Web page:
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Explosive remnants of war: children with disabilities need access to risk education

Palestine

Explosive remnants of war: children with disabilities need access to risk education

Excerpts from a brochure produced by HI showing the threat from explosive remnants of war.

Excerpts from a brochure produced by HI showing the threat from explosive remnants of war. | ©HI

In addition to training 93 teachers from 45 private schools (two per school), of which 15 special schools for children with disabilities, HI produced and made available a range of teaching materials, including two practical guides to help teachers organise awareness sessions, games and story models, and brochures for teachers and students. HI has been implementing risk education projects in Gaza since the end of the conflict in 2014.

Why children?

“The aim of the awareness sessions is to change children's behaviour. There are so many explosives around - they’re almost part of everyday life. In these kinds of situations, people are sometimes so used to danger, they no longer think about it,” explains Bruno Leclercq, the Jerusalem-based head of HI’s mission in Palestine.

 Children are often the main victims of explosive remnants. Naturally curious, they tend to take more risks and commit reckless acts. This is why HI ensures that risk awareness is taught in classrooms and also reaches children with disabilities.    

Including children with disabilities

The sessions were implemented in such a way as to cater for children with disabilities, both physical – visual and hearing - and intellectual. Once again, teachers have been trained to adapt their sessions to this audience: for students with visual impairments, for example, activities might focus on touch-based games; they should also be seated at the front of the classroom.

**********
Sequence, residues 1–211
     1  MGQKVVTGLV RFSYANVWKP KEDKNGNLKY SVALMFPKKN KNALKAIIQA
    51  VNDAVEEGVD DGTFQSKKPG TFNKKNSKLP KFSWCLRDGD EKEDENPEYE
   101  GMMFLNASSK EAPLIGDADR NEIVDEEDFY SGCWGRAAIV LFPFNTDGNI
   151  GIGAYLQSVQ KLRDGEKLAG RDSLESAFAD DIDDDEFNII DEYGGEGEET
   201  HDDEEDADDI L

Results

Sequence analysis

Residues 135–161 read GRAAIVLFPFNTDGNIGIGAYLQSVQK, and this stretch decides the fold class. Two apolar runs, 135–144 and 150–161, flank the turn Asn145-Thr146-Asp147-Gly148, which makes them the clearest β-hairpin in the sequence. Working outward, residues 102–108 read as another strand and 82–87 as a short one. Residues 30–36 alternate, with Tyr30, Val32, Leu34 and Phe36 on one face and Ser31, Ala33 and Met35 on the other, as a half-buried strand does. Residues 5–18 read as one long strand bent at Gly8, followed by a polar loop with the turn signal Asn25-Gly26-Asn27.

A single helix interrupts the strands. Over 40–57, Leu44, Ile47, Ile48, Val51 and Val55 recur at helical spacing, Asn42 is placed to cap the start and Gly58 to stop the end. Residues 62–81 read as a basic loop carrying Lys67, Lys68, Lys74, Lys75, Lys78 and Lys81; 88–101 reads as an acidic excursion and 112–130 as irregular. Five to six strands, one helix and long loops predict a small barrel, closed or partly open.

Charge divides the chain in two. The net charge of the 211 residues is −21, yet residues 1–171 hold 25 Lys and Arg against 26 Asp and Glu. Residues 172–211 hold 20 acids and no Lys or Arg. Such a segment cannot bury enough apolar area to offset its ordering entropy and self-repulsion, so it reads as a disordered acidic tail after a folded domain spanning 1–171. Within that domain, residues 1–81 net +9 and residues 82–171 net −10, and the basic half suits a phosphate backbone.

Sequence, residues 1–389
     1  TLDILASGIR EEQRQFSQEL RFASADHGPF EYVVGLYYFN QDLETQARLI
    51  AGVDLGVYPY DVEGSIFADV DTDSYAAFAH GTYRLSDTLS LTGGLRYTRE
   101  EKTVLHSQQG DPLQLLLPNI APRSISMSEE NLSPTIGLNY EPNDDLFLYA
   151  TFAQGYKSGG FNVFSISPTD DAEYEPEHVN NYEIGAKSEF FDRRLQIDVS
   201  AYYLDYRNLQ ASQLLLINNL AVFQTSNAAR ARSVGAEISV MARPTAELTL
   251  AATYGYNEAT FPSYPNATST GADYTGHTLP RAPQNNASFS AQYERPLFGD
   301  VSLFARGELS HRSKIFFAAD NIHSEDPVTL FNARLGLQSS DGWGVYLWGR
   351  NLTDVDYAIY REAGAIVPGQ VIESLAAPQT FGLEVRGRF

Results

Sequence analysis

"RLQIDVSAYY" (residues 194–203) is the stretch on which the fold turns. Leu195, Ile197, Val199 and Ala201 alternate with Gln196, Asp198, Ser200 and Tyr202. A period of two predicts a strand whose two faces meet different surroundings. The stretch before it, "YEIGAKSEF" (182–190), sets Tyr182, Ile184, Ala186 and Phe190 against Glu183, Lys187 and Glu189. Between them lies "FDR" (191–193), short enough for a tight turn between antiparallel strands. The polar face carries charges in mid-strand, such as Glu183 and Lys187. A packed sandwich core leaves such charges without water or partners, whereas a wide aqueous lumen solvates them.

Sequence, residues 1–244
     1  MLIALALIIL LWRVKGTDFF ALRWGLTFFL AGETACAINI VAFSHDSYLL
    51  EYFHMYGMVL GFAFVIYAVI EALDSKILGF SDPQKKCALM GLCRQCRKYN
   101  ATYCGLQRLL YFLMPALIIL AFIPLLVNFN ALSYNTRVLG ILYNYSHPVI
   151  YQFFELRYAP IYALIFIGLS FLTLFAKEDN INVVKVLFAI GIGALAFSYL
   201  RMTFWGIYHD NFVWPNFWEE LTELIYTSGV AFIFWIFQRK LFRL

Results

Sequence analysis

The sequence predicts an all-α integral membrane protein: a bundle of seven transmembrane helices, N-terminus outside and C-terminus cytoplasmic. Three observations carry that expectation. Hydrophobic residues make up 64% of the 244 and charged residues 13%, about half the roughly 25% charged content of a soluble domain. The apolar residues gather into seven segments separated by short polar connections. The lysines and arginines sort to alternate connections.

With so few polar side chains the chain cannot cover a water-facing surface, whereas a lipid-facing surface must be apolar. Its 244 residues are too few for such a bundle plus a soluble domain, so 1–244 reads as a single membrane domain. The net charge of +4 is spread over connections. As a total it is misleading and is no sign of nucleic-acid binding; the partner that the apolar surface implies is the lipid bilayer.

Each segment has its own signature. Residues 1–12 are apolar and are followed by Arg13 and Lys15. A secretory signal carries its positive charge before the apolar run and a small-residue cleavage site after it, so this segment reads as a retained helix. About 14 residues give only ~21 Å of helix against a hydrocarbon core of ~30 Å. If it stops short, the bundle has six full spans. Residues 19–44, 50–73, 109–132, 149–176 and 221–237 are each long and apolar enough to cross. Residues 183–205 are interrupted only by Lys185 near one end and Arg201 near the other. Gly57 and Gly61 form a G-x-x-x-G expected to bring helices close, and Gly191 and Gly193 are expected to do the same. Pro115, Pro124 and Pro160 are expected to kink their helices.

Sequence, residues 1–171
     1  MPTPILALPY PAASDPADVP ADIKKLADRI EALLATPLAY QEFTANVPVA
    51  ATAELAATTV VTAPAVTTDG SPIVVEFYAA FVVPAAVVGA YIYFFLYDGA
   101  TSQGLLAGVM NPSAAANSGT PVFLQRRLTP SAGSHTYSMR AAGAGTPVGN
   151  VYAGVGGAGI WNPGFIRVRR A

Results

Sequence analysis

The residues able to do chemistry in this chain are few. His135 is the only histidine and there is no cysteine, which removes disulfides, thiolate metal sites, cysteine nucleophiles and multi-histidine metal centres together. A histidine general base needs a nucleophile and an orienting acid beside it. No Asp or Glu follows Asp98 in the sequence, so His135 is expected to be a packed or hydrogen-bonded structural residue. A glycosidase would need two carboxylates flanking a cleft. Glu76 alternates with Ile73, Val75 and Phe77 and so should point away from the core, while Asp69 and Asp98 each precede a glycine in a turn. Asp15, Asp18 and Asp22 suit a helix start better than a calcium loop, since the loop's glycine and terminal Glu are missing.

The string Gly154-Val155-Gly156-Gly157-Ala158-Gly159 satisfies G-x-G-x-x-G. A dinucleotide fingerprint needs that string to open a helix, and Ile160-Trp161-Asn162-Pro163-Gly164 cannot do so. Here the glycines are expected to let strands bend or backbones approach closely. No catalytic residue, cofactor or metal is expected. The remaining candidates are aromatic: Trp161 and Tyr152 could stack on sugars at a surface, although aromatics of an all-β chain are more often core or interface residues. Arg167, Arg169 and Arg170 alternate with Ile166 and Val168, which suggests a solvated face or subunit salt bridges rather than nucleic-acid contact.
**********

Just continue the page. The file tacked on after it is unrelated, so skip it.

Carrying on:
The teacher should always use short sentences and repeat the messages several times to make sure that he/she is understood - “never touch these objects”, “do not approach them”, “warn an adult”, and the like.

One teacher composed a song with her pupils about situations in which they might typically come across explosive remnants of war. The pupils were asked to give a thumbs-up for good behaviour, and a thumbs-down for bad behaviour. 

The danger and need for awareness are real

Osama Hamdan, who works as a risk education project manager in Gaza, recently had an experience which confirmed the level of threat from explosive remnants and the lack of risk awareness: “At the end of a risk education session for a group of people in the Al-shuja'eya neighbourhood, including children, students and street vendors, a young man told us about a bomb remnant buried a few centimetres from the door of the school, which is attended by more than 1,500 students. We immediately met with the head teacher and explained the danger: ‘Thank you for bringing such an important issue to our attention,’ she said. ‘I thought that since the bomb had already exploded, there was no risk.’ The head teacher immediately called a team of deminers and they were on the scene within minutes.”

Last December, Palestine became the 164th State Party to the Ottawa Treaty, which bans the use of anti-personnel mines, confirming its intention to make mine action a priority.

Community mobilisation

HI is implementing the Stop Bombing Civilians campaign and calling on the public to sign its petition as a means of putting pressure on States to take action on the use of explosive weapons in populated areas - an indiscriminate practice that mainly kills and injures civilians. At least 43,000 people were killed or injured by explosive weapons in 2016. When they are used in populated areas, 92% of casualties of explosive weapons are civilians. Say no to the bombing of civilians, sign the petition.

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